Located in the city's Mount Pleasant neighbourhood, the Mexican eatery occupies a former factory building that Australian architect H H Simmonds completed in 1942.
September designed the restaurant called Tacofino Ocho to riff off the existing industrial space. It features concrete floors, walls rendered in cream-coloured plaster and others covered in grey square tiles.
A row of windows brings natural light into the 2,800-square-foot (260-square metre) space, while volumes of gridded metal panels hang from the ceiling.
"The industrial quality of the space is emphasised through the use of minimal and unfinished materials such as concrete, steel, plaster and wood paired with a muted colour palette of greys, greens and black," September said.
There is roughly 100 moulded fibreglass dining chairs and barstools by mid-century designers Charles and Ray Eames in a variety of green and yellow colours. Other curved details, including rounded edges on tables and pony walls, reference the shape of the chairs.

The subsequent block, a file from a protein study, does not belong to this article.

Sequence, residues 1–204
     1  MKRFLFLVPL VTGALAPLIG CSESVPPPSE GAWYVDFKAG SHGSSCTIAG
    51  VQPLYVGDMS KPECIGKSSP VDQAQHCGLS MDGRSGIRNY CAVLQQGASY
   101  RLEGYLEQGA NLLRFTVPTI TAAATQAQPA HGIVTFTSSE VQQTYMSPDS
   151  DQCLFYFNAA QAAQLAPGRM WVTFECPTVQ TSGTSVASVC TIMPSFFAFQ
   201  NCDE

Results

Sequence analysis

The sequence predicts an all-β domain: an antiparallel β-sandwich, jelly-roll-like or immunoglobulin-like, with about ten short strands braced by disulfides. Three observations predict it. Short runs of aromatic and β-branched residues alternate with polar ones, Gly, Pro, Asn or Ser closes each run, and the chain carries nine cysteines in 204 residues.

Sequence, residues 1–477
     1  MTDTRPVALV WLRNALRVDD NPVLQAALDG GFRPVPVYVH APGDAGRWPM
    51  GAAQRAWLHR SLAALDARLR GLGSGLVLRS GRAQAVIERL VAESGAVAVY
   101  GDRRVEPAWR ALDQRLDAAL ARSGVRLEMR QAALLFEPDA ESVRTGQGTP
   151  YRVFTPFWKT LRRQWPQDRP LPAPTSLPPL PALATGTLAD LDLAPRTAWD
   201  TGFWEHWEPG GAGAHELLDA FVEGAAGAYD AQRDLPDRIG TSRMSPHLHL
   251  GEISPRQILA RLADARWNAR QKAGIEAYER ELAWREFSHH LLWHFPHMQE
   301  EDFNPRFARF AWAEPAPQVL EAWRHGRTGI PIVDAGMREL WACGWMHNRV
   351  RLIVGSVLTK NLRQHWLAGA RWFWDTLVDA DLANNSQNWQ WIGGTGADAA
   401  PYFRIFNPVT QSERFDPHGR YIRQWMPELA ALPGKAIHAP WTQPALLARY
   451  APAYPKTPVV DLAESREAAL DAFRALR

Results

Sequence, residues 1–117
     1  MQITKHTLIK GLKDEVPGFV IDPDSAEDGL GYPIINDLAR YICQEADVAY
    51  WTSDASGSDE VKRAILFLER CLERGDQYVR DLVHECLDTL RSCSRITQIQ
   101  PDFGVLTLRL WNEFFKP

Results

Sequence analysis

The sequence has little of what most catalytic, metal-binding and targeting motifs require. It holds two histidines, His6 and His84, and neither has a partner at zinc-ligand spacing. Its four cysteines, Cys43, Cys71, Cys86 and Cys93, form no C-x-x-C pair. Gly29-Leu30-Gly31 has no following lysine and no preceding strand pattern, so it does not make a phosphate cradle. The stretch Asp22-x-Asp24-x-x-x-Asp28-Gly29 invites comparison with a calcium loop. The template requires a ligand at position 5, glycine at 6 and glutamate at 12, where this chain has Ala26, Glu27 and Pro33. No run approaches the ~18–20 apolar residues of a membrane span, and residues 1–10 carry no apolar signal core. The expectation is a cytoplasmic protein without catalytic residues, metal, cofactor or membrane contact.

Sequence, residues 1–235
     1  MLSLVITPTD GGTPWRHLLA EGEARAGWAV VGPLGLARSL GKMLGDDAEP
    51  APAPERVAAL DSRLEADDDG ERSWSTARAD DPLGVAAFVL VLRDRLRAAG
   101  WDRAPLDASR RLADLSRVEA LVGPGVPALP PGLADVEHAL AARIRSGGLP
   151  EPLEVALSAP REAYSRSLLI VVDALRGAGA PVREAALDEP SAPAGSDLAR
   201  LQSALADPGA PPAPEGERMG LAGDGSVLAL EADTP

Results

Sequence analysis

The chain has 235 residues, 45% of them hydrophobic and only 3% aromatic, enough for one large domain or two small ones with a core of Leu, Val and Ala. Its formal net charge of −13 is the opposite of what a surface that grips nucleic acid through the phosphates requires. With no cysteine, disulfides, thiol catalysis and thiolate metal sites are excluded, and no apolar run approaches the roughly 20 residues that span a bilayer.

September sought to strike a balance between the building's industrial past with the eatery's Mexican menu and opted to reference the 1960s countercultural movements with a floral motif.
"The intention of the project was to reference both the existing spatial condition, that of the heritage industrial building, and contrast it with the non-traditional ethos that characterises the client and their food," said the studio.
"These rough materials and minimal colours are contrasted throughout the space by the use of a formal flower motif," it added.
The motif references "flower power" and is represented in the shape of a tabletop around a circular concrete planter. Smaller black tables repeat this flowery outline.
Foliage plays an important role in balancing between decoration and function, and large dragon trees fill the large urn.
"While there is always a tension between experimenting with form and providing the functionality and durability that is required in a restaurant, much like in folk-art the approach here was to integrate the ornamental and utilitarian," September added.
The studio was founded by Brendan Callander and Shiloh Sukkau in 2019. Before creating September, Sukkau also designed another outpost for Tacofino in Vancouver called Tacofino Oasis.
Photography is by Vishal Marapon
Project architect: MGBA
Contractor: Pacific Solutions Contracting
Graphic design: Courtney Presber